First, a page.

A Pigeon Sat on a Branch Reflecting on Existence
The third and final instalment of Roy Andersson’s trilogy exploring what it means to be human, A Pigeon Sat on a Branch Reflecting on Existence is quirky, funny and surreal, but intentionally – and perhaps unfortunately – moves along at a snail’s pace. Centring around two travelling salesmen who sell novelty items, the Swedish film jumps from scene to scene, showing mundane and surreal interactions that are rich with black humour.
The eerily still camera work and the fact that each scene is shot in one take, makes this a unique, interesting and strange piece of cinema. The film focuses on the elderly generation, and the frailty of the aged is reflected in the quiet and sluggish way the story unfolds. The script often repeats itself, which again invokes the habit of reiteration and repetition that the elderly have a reputation for.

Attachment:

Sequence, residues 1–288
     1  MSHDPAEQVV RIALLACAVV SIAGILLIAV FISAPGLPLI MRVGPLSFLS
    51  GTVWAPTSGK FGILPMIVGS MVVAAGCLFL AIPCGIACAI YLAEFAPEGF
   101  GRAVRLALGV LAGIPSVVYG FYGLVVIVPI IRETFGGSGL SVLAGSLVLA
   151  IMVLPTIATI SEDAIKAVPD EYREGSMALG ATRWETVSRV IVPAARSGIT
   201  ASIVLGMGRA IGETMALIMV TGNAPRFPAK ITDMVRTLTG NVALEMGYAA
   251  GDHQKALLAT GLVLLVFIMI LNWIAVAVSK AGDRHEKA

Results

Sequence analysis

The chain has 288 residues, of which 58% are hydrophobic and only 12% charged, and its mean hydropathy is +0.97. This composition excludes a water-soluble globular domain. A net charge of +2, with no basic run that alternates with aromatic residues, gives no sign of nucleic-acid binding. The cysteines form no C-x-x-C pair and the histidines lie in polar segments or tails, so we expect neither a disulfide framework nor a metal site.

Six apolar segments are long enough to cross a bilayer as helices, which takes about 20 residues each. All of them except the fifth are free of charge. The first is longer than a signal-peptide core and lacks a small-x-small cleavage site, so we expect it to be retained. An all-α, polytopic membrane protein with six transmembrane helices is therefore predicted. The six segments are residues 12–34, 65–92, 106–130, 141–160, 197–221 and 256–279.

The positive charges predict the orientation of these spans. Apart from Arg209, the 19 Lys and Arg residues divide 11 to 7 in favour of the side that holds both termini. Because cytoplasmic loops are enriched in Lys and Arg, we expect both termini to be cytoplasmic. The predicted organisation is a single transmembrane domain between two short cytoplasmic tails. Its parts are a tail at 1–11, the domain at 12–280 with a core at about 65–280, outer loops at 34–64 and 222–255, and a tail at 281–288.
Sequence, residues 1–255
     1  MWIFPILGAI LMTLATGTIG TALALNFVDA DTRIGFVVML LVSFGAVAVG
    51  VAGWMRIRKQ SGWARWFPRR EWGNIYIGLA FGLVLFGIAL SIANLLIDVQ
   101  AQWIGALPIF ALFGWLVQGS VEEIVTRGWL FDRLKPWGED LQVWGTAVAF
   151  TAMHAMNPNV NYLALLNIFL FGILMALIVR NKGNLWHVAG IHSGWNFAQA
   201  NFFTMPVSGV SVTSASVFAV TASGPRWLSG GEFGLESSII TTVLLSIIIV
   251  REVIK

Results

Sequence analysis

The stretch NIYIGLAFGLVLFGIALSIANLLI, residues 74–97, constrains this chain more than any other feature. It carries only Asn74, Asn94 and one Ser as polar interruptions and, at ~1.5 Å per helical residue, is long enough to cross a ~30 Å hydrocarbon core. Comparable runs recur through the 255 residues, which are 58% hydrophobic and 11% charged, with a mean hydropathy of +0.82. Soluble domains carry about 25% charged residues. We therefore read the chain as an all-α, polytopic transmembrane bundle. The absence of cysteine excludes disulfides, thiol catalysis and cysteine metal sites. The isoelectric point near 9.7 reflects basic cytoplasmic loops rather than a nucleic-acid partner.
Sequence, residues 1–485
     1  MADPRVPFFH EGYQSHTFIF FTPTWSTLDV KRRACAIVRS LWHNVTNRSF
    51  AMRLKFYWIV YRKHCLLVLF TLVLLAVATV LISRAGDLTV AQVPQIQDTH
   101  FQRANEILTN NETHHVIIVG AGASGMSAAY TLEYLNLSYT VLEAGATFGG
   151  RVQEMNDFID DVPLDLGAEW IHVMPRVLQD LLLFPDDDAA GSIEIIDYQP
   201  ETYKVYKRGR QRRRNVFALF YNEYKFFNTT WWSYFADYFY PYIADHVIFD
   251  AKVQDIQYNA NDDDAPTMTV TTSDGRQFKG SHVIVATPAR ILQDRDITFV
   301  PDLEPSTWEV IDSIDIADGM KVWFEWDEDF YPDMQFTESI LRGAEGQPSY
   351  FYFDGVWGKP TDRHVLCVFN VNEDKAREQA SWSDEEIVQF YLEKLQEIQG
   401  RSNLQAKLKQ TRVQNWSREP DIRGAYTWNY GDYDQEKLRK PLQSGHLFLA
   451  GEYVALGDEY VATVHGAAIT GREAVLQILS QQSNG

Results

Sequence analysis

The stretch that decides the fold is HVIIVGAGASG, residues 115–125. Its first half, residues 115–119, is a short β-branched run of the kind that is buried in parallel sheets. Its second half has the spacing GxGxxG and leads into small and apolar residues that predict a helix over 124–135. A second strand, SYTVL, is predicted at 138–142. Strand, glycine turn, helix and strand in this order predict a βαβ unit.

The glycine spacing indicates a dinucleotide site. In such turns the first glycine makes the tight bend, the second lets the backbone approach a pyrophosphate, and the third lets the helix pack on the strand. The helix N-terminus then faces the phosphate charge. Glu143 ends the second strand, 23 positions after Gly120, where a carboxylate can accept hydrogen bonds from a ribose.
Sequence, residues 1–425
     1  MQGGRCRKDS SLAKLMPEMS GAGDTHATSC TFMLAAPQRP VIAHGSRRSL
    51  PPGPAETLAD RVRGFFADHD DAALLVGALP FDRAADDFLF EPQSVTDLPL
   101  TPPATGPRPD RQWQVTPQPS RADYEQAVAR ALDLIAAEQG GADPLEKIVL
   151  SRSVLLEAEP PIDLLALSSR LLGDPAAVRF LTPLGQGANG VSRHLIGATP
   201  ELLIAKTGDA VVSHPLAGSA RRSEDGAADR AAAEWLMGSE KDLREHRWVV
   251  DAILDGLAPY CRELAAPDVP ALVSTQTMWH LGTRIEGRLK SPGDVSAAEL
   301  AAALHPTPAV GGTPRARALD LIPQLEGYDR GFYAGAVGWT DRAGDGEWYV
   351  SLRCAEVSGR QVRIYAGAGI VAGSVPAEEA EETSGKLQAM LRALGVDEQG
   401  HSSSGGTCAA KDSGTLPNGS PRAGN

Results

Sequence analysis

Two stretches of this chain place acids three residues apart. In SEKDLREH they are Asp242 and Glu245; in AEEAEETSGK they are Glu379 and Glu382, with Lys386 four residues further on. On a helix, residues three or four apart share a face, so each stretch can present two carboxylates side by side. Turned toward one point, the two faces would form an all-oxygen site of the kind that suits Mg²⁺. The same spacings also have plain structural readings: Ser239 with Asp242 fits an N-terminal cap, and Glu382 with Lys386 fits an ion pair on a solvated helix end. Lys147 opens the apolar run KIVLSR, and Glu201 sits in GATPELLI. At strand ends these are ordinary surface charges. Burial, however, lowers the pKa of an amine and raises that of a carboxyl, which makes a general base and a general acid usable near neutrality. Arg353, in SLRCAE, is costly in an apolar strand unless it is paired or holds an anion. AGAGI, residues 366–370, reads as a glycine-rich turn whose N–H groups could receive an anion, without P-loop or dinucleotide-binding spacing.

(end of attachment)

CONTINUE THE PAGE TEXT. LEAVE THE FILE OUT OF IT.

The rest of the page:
Although it’s slow, there’s a lot of humour in this film, and the subtlety and sharp observation of the oddness of everyday life is a joy to behold. The lead actors’ performances are to be commended in their ability to purvey the mundanity, melancholy and comedy of everyday existence. Holger Andersson and Nils Westblom are note-perfect as hapless but complex salesmen Jonathan and Sam, and certain scenes are Monty Python-esque in their surreality.
With bold direction and a brave amount of silence, this film sees the comedy in tragedy, the sadness in normalcy and is actually very tender in it’s dealing with basic human interaction. The cinematography is breathtaking, the music emotive, with the on-screen colours hitting the perfect balance between beauty and gloom. However, audiences should be prepared for plenty of hanging pauses, and a movie that takes slow-moving to a whole new level.
Filippo L’Astorina, the Editor
A Pigeon Sat on a Branch Reflecting on Existence does not have a release date yet.
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Watch the trailer for A Pigeon Sat on a Branch Reflecting on Existence here: